The FANG approach was supported by the findings from 9 patient autologous vaccines, which consistently demonstrated TGF-β1 and TGF-β2 reductions and elevated GM-CSF levels (FIGS. 1A to 1C). Both TGF-β1 and TGF-β2 activity by specific immunoassay was also demonstrated to be significantly reduced in these cancer lines, confirming the effect of furin blockade on TGF-β isoform expression. The inventors validated the applicability of siRNA-mediated furin-knockdown for inhibiting TGF-β isoform expression. Prospective siRNA targeting sites (FIG. 2) in the furin mRNA sequence were determined by the published recommendations of Tuschl and colleagues and the additional selection parameters that integrated BLAST searches of the human and mouse genome databases (http:jura.wi.mit.edu/bioc/siRNAext). siRNAs targeting eligible translated and 3'UTRs sites (FIG. 2) were tested.
 Following lipofection of CCL-247, CRL-1585 U87 and H460 cells, each of the 6 siRNAfurin constructs was shown to markedly reduce TGF-β1 and TGF-β2 levels in culture supernatants without adversely affecting cell survival. Thus siRNA-mediated furin knockdown is effective for the depletion of TGF-β1 and -β2 isoforms.
 Design and construction of FANG: A "bi-functional" vector was used that incorporates both siRNA and miRNA-like functional components for optimizing gene knockdown . The siRNA component is encoded as a hairpin and encompasses complete matching sequences of the passenger and guide strands. Following cleavage of the passenger strand by the Argonaute-2 (Ago 2) of the RNA-induced silencing complex (RISC), an endonuclease with RNase H like activity, the guide strand binds to and cleaves the complementary target mRNA sequence (cleavage-dependent process). In distinction, the miRNA-like component of the "bi-functional" vector incorporates mismatches between the passenger and guide strands within the encoding shRNA hairpin in order to achieve lower thermodynamic stability. This configuration allows the passenger strand to dissociate from RISC without cleavage (cleavage-independent process) independent of Ago 2 [62, 63], and the miRNA guide component to downregulate its target through translational repression, mRNA degradation, and sequestration of the partially complementary target mRNA in the cytoplasmic processing bodies (P-body).
 The inventors have previously demonstrated the enhanced effectiveness of a bi-functional shRNA to knockdown stathmin (STMN1; oncoprotein 18), a protein that regulates rapid microtubule remodeling of the cytoskeleton and found to be upregulated in a high proportion of patients with solid cancers . The bi-functional shRNA construct achieved effective knockdown against STMN-1 resulting in a 5-log dose enhanced potency of tumor cell killing as compared with siRNA oligonucleotides directed against the same gene target.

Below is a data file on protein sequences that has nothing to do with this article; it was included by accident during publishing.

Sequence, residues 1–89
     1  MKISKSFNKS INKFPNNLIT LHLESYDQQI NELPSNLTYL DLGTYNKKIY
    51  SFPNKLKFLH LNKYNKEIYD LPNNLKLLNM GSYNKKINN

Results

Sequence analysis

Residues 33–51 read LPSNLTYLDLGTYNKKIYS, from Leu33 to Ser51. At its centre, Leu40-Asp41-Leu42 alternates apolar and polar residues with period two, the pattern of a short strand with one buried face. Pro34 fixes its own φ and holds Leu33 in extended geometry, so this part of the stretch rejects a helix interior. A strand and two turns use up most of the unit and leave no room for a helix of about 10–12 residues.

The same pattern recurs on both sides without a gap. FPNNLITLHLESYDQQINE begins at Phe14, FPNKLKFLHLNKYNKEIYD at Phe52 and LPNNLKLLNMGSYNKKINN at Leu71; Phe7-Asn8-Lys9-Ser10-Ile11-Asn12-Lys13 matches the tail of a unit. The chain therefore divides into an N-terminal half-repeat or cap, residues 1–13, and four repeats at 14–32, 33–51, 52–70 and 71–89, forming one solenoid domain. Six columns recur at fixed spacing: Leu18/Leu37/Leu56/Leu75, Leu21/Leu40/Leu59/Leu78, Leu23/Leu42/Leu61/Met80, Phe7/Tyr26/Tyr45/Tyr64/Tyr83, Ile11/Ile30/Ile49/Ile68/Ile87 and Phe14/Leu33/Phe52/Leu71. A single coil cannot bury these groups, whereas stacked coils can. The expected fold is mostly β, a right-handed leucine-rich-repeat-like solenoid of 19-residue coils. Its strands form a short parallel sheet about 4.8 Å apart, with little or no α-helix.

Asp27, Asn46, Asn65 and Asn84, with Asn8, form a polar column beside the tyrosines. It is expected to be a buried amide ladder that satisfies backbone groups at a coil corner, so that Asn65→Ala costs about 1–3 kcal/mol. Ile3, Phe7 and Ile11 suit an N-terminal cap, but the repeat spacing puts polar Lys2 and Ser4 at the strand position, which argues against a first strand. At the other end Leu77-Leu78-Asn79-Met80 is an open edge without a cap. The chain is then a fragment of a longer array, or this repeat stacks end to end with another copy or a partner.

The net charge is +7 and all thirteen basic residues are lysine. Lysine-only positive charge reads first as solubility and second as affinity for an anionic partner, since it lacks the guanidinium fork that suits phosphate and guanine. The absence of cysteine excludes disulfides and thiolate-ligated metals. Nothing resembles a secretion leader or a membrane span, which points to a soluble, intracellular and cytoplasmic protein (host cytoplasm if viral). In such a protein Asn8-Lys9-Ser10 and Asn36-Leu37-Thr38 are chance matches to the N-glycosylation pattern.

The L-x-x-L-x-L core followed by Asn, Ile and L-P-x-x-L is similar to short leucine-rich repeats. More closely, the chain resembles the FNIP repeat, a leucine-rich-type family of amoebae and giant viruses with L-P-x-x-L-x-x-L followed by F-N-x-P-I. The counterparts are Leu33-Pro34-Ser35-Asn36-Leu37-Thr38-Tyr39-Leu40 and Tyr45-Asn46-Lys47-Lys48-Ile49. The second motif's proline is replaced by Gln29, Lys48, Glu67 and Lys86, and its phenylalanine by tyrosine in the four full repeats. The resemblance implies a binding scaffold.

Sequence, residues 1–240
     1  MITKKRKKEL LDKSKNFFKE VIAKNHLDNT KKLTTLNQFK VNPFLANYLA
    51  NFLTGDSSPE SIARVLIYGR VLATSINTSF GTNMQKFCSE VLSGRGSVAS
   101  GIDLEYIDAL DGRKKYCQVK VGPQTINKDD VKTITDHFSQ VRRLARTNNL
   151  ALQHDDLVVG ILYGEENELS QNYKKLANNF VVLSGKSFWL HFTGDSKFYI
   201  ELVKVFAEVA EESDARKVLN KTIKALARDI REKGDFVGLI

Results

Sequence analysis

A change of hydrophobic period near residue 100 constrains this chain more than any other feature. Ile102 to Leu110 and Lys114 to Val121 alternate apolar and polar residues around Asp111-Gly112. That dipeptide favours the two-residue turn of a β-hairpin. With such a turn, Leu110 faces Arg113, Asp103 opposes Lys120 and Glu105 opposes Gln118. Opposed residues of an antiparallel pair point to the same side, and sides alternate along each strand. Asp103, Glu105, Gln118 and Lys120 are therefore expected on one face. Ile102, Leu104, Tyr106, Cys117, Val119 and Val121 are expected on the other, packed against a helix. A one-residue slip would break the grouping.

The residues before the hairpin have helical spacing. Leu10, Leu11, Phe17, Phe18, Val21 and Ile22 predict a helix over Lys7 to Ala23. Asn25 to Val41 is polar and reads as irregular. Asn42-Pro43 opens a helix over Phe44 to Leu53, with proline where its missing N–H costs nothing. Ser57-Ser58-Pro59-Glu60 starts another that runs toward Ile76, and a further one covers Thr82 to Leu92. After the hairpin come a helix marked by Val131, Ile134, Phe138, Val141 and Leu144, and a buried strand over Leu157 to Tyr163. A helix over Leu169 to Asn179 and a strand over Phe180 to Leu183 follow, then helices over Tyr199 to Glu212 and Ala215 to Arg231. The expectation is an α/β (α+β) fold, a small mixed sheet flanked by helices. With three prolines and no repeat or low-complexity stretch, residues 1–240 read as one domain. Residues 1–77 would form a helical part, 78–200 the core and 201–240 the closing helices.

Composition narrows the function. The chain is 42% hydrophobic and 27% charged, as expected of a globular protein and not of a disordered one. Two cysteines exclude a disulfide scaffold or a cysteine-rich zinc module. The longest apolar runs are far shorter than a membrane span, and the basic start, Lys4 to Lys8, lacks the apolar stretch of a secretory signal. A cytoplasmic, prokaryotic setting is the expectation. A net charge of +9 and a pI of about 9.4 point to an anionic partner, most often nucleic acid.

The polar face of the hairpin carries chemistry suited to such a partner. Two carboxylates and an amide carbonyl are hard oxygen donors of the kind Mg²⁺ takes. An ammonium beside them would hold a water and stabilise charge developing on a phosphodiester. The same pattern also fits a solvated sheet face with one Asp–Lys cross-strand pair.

A similarly designed bi-functional shRNA was used to effect furin knockdown. The bi-functional shRNAfurin consists of two stem-loop structures with a miR-30a backbone; the first stem-loop structure has complete complementary guiding strand and passenger strand, while the second stem-loop structure has two by mismatches at positions 11 and 12 of the passenger strand. The inventors adopted a strategy of using a single targeted site for both cleavage and sequestration processes. The encoding shRNAs are proposed to allow mature shRNA to be loaded onto more than one type of RISC . The inventors focused on a single site since multi-site targeting may increase the chance for "seed sequence" induced off-target effects .
 The two stem-loop structure was put together with 10 pieces of complementing and interconnecting oligonucleotides through DNA ligation. Orientation of the inserted DNA was screened by PCR primer pairs designed to screen for the shRNA insert and orientation. Positive clones were selected and sequence confirmed at SeqWright, Inc. (Houston, Tex.). Based on siRNA findings, three bi-functional shRNA's were constructed. The optimal targeting sequence was identified.
 The FANG construct has a single mammalian promoter (CMV) that drives the entire cassette, with an intervening 2A ribosomal skip peptide between the GM-C SF and the furin bi-functional shRNA transcripts, followed by a rabbit polyA tail. There is a stop codon at the end of the GM-CSF transcript.
 Insertion of picornaviral 2A sequences into mRNAs causes ribosomes to skip formation of a peptide bond at the junction of the 2A and downstream sequences, leading to the production of two proteins from a single open reading frame . The inventors found that the 2A linker to be effective for generating approximately equal levels of GM-CSF and anti-TGF-β transcripts with the TAG vaccine, and elected to use the same design for FANG.
 cGMP FANG vaccines: Cancer patient autologous FANG vaccines were generated under cGMP conditions for use in clinical trials. GM-CSF and TGF-β1, -β2, and -β3 mRNA and protein expression were measured before and after FANG modification, and cytokine bioactivity determined by growth outcome on a GM-CSF and TGF-β dependent human cell line we have previously characterized. Each patient's processed vaccine will undergo proteogenomic screening to verify antigenic integrity following FANG modification.